What can the sport of Olympic Sailboat Racing teach us about the art of public speaking? Plenty.
In business, as in sailboat racing, you are in constant competition – for customers, for investment dollars, for the minds and support of your employees, directors and shareholders. Whether you are the helmsman of a team or the director of a company, you need to be constantly assessing three things: “Where am I?”; “Where am I going?”; and “How am I going to get there?”
In any competitive endeavor – sports or business – preparation and execution are critical to your success. In sailboat racing, you start with a goal (a mark on the course towards which you and your competitors are all racing). The speed with which you reach the goal will provide an instant assessment of your success. You have the freedom to create your own strategy to navigate you and your team to the goal.
You must carefully and proactively develop your strategy, your team, your equipment and your focus for the race.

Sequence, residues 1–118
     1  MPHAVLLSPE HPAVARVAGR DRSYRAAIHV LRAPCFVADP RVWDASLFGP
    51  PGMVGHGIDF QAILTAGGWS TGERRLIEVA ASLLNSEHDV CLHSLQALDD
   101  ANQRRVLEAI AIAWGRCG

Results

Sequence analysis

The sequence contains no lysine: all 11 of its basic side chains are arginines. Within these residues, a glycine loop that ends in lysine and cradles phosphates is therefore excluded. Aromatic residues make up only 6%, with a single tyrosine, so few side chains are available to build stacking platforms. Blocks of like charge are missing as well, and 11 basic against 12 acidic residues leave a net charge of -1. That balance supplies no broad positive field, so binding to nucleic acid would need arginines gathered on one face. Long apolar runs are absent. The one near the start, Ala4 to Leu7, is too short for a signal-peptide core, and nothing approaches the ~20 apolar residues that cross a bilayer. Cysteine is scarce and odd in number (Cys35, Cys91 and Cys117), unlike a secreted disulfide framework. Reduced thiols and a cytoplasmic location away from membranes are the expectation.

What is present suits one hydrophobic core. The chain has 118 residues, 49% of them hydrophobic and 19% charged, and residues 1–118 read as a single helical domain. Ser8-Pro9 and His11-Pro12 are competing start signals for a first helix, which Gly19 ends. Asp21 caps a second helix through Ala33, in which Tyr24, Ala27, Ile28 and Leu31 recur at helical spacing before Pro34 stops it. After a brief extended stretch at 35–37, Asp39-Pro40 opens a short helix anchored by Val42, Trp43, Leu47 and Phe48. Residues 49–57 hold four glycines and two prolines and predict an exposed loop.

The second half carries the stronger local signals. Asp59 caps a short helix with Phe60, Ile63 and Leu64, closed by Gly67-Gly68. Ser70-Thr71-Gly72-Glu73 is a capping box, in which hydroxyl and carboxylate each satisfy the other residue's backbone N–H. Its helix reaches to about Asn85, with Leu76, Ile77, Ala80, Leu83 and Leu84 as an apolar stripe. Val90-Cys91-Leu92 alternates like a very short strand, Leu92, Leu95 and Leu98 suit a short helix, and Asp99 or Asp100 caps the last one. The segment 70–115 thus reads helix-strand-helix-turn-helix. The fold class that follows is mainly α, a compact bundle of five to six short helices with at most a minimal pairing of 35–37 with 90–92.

Sailing the Course
Once the race begins, your careful preparation is translated into reality as you struggle to gain an advantage over your opponents. The skills you practiced and the strategy you created all must be executed and transformed into performance.
In the heat of the race, you must always be prepared to deal with unexpected windshifts. It’s a reality in sailing, and in business. When faced with changing conditions, you have to make real-time decisions. Should you reinforce or adjust your pre-race strategy? Are you making good tactical decisions? Changes may be necessary to put your team back into contention.
You must be flexible in order to secure success. This means being willing to make decisions under duress, alter your plan or your message to allow for shifting realities, and react appropriately to the changing environment around you.
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